Taking a brief gander at crypto’s daily trading volumes, it is more than apparent that the number of investors, along with capital allocated, has all but dissipated over the course of 2018. Some have even argued that Bitcoin has left the mainstream consciousness, and could potentially be on its last legs.
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Chris Burniske, a partner at Placeholder Ventures, once explained that the days “cryptocurrency” and “blockchain” were plastered all over mainstream media, as CoinMarketCap sat open on the smartphones and laptops of millions the world over are long gone.
In fact, more likely than not, retail investors en-masse have removed CoinMarketCap from their bookmark list, purged their Coinbase and Binance accounts, and unfollowed crypto’s most eccentric commentators on Twitter.
But, venture capitalists have kept their ears to the cryptocurrency ground, taking the lack of public interest in this asset class to their advantage. Face it, this subset of the investing realm is entirely opportunistic. And from their perspective, if Bitcoin and related technologies are to succeed over the long haul, now is arguably the perfect time to build solid portfolios, which accentuate asymmetric risk/return profiles.
Equity Was Hot, Even As Bitcoin Plunged
Research completed by Diar, a crypto analytics publication, recently confirmed that while the lackluster (understatement) performance of the Bitcoin price has deterred all but the zaniest traders, venture groups and investor groups of similar caliber have kept their proverbial pedals to the metal.
In the publication’s most recent edition, it was explained that while 2018 was a “bloodbath for cryptocurrencies,” what Diar deemed “blockchain-led” operations secured $1.6 billion in fiat investment over yesteryear.
We’ve published our latest issue for your read:#Bitcoin Retail Investor Holdings Continue Incremental Growth
Major #Cryptocurrency Miners Banking on Empty Blocks#Blockchain Focused VCs Setup Intertwined Financial Infrastructure@coinbase Lists XRPhttps://t.co/iOrtZzL9VP
— Diar (@DiarNewsletter) February 25, 2019
Diar claims that since stakes in cryptocurrency startups became a viable investment vehicle, $5 billion has been siphoned into such opportunities — no small sum to say the least. Interestingly, the $1.6 billion the crypto war chest saw comes it way in 2018 primarily pertained to trading infrastructure, rather than blockchain projects in and of themselves.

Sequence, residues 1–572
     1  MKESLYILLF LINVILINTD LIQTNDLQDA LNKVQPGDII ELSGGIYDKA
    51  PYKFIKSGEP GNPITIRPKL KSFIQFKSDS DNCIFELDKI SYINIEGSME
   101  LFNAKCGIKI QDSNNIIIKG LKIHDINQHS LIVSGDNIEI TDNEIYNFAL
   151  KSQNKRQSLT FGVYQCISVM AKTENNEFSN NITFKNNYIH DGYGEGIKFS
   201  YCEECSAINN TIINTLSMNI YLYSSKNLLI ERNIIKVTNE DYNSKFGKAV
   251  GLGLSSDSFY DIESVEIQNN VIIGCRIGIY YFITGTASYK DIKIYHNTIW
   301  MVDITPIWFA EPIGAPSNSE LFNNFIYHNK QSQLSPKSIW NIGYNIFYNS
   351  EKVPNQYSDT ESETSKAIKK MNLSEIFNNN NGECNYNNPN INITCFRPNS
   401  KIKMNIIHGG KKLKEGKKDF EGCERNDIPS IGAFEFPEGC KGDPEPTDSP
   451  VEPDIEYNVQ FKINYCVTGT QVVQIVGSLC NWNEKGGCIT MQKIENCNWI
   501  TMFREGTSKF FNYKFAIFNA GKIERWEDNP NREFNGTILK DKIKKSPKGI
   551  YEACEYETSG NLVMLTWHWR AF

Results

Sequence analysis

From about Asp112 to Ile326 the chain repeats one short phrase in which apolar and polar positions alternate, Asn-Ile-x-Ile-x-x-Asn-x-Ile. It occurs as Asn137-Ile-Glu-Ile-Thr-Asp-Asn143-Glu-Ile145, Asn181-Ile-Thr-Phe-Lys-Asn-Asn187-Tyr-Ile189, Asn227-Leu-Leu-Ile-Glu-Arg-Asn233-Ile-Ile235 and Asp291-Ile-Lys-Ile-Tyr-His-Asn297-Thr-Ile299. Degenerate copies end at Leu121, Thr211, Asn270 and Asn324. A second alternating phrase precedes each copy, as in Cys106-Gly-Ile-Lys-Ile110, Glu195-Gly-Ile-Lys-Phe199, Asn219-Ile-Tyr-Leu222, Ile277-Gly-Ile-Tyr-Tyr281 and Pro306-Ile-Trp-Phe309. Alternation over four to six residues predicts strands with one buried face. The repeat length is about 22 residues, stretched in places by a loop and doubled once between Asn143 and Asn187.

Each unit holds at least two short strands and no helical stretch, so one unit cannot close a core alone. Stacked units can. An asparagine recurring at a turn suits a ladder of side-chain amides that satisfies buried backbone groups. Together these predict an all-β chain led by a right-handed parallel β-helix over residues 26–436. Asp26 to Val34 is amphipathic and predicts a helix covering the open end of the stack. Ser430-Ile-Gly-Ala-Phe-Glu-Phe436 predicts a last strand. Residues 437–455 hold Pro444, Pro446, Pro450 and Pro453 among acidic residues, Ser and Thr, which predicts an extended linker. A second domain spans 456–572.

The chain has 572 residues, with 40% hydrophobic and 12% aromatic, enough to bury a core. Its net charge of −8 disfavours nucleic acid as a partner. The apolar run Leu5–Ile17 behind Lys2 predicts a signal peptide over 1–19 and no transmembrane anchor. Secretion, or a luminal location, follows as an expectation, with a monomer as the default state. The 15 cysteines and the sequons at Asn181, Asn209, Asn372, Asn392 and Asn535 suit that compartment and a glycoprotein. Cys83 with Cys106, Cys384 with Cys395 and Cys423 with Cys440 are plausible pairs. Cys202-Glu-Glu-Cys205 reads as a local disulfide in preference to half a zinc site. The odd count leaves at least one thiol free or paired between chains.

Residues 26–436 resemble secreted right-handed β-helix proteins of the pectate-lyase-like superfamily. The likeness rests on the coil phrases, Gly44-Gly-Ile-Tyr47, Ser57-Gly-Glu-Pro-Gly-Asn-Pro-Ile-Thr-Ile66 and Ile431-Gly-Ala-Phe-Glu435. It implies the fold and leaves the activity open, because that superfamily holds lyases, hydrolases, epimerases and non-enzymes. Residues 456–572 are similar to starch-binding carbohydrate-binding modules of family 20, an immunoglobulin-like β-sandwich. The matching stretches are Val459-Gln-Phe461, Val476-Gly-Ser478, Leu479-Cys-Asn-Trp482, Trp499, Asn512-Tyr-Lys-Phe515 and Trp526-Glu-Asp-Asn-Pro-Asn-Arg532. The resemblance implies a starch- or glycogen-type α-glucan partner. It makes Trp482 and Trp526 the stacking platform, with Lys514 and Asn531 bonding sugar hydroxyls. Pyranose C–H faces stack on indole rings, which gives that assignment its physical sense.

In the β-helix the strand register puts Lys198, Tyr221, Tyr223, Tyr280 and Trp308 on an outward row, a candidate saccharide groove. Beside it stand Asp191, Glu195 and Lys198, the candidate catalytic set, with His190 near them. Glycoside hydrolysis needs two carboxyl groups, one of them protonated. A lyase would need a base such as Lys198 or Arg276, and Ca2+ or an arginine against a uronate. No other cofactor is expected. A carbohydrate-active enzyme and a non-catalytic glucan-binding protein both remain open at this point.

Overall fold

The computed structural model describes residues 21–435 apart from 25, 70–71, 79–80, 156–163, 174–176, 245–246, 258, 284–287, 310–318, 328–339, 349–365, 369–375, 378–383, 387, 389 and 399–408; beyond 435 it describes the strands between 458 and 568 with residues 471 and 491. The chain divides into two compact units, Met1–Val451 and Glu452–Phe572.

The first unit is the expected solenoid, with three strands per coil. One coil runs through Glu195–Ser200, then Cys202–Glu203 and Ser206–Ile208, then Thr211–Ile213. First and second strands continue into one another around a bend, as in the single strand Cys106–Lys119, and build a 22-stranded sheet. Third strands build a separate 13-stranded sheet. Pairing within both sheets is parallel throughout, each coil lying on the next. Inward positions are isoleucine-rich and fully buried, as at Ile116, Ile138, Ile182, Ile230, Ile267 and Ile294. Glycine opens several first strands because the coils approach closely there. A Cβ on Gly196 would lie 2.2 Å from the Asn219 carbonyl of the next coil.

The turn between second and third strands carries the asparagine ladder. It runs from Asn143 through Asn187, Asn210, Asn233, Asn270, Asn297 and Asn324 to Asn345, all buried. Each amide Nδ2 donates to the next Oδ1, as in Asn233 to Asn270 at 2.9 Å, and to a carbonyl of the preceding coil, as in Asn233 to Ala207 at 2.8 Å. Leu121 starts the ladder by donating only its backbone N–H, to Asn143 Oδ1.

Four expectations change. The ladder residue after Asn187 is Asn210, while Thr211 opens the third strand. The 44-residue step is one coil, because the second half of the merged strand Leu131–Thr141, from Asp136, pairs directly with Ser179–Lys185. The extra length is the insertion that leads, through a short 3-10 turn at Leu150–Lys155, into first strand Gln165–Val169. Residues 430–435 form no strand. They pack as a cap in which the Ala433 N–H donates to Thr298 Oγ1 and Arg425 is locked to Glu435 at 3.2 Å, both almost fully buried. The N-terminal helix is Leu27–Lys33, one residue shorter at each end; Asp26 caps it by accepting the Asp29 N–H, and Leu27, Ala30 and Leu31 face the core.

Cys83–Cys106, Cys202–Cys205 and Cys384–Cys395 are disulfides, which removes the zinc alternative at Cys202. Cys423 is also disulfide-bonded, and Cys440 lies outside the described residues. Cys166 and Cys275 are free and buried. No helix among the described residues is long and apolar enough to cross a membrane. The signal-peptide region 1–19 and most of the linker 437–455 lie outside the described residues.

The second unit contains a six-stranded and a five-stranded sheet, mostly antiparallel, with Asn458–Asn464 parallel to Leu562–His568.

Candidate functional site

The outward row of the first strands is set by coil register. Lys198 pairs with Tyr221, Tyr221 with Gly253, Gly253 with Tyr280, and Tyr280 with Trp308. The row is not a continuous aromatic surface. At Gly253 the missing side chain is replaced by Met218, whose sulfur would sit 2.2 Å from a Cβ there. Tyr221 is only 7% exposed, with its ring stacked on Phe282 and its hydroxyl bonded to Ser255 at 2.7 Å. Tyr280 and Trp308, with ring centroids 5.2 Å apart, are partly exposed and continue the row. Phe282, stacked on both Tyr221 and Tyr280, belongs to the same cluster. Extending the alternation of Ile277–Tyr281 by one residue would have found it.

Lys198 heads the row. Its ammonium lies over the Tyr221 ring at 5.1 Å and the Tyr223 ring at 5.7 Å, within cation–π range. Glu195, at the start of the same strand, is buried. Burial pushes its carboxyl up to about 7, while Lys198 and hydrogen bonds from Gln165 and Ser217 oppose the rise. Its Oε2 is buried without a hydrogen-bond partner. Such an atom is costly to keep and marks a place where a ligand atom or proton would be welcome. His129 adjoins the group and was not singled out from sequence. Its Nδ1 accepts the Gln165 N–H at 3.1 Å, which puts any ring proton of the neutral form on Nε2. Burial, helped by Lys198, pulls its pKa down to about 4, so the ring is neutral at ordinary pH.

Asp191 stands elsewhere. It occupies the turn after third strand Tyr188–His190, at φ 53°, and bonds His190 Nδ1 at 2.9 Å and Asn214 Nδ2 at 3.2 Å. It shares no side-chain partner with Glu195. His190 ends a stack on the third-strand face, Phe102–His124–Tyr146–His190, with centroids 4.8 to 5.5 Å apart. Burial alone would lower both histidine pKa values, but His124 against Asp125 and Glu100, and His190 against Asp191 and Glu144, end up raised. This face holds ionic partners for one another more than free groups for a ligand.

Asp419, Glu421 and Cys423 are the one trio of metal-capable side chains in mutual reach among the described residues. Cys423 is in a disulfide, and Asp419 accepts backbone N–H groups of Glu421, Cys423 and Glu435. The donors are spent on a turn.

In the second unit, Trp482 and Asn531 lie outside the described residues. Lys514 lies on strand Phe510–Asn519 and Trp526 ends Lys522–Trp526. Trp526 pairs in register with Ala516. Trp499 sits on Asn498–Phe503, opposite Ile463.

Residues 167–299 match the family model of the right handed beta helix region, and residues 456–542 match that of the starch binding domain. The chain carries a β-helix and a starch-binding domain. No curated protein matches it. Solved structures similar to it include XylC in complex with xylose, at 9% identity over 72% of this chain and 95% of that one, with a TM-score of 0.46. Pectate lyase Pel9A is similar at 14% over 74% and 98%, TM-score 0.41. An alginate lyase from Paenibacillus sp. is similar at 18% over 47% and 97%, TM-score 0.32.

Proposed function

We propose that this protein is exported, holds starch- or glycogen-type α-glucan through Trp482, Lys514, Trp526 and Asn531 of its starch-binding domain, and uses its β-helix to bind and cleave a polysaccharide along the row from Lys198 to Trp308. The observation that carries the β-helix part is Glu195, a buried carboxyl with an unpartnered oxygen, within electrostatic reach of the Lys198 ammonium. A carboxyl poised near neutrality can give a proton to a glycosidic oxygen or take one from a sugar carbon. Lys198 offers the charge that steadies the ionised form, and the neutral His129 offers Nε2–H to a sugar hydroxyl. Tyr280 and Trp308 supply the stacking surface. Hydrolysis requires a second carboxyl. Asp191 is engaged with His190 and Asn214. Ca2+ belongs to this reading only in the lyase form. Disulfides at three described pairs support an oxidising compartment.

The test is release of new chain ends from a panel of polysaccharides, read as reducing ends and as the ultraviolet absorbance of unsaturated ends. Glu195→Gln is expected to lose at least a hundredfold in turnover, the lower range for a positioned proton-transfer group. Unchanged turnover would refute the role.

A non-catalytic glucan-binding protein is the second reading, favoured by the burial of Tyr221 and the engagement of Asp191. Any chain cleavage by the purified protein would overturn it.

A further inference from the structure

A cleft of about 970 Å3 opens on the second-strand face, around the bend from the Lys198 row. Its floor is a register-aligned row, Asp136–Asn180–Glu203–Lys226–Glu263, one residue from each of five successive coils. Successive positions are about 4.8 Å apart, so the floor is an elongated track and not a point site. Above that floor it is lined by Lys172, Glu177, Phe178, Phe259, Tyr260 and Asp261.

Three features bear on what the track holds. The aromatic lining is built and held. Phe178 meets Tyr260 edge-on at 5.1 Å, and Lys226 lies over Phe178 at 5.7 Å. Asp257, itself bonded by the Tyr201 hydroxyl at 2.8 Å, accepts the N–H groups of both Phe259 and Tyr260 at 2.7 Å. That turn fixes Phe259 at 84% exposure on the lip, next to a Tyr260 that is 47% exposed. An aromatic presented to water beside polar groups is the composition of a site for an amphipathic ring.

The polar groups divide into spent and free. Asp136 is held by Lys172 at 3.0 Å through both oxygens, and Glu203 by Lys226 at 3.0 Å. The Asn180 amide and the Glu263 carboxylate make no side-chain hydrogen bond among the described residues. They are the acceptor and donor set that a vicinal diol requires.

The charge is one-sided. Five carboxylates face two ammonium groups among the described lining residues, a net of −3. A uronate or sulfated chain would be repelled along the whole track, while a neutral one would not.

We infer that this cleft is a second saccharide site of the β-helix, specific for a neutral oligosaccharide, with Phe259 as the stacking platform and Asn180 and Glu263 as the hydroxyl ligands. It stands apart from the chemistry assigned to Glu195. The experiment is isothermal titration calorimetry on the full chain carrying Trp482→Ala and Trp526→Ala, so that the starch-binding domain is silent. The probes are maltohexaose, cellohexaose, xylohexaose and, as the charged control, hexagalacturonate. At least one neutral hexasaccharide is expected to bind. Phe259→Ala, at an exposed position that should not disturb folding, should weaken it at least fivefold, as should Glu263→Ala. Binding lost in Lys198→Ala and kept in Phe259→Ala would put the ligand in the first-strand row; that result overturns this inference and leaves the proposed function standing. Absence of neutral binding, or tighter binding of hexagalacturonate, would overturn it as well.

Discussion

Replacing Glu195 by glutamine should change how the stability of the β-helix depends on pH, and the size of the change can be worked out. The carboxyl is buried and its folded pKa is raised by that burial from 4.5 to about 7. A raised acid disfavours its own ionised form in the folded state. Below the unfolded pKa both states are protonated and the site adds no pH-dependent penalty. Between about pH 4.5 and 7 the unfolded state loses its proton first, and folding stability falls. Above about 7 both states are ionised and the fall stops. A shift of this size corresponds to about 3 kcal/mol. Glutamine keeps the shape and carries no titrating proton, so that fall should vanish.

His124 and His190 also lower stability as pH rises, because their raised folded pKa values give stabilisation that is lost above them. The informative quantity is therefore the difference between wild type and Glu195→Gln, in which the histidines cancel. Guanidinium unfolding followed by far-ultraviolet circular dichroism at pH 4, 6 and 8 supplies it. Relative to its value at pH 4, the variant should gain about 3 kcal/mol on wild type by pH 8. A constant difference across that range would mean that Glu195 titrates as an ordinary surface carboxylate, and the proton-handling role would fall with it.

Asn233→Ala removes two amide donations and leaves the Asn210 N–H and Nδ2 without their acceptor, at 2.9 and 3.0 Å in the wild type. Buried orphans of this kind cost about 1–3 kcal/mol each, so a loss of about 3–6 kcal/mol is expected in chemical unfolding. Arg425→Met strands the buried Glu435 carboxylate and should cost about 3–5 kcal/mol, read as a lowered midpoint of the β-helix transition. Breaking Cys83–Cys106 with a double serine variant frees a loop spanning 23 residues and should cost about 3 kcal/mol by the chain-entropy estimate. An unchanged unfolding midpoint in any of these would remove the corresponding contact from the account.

Coinbase, Circle, Kraken, three notable American cryptocurrency service providers, raised $500 million collectively even “long after the bubble burst.” Bakkt and its competitors, in ErisX and SeedCX, have also secured hundreds of millions, as many, including Fundstrat Global Advisors, argue that proper regulated, institution-friendly, and multi-faceted fiat on-ramps and off-ramps is currently something curbing this space.
Interestingly, the trend of equity investing has continued into 2019.
According to previous reports from this outlet, Chainalysis, a blockchain research and software provider startup, secured $30 million in its recent Series B, led by the San Francisco-based Accel Ventures, which also has a stake in Circle. Chainalysis, which actively aids American governmental agencies (Department of Justice, Securities and Exchange Commission, etc.) in crypto-related cases, is looking to bolster its staffer lineup and European operations with this funding influx.
Coin Metrics, a Bitcoin-centric blockchain research unit based out of Massachusetts, recently raised $1.9 million, as it seeks to make much-needed information available to a wider population, thus increasing the health of this nascent space.
Kraken itself even made a nine-figure deal, completing the biggest industry deal of 2019 so far. The company acquired CryptoFacilities, a European Bitcoin derivatives provider, to start its foray into the array of alternative investment products. The details of the deal were scant, but it was explained that Facilitates gained at least $100 million from its business partner.
Institutions Continue Bolstering Crypto Holdings
Although much of crypto startups have garnered capital from Silicon Valley venture groups, like the world-renowned Andreessen Horowitz, this jaw-dropping funding figure has hints of institutional involvement sprinkled throughout.
Case in point, citing a number of sources familiar with the matter, Singapore’s primary sovereign wealth fund, GIC, purportedly participated in Coinbase’s historic $300 million funding round that concluded in October 2018. For those who missed the memo, this round, which valued the now-XRP-friendly Coinbase at $8 billion, was led by Tiger Global and Andreessen Horowitz. So interestingly, Singapore’s involvement in the San Francisco-based company wasn’t initially disclosed.
GIC isn’t the only incumbent of legacy finance to have allocated millions to the Bitcoin cause. Bakkt’s parent company, the Intercontinental Exchange (ICE), gave its cryptocurrency foray hundreds of millions in capital, as it nears its launch.
The University of Michigan’s endowment, valued at a hefty $12 billion, was recently revealed to have its eyes set on giving a hefty cheque to a16z, specifically for its CNK fund that invests in blockchain ventures.
And arguably most notably, two pension funds headquartered in Fairfax County, Virginia, were the principals behind Morgan Creek Digital’s $40 million venture fund, which has up to a 10% allocation in physical cryptocurrencies, like Bitcoin and Ethereum, as the remaining capital gets siphoned into equity deals with promising projects with visions of grandeur.
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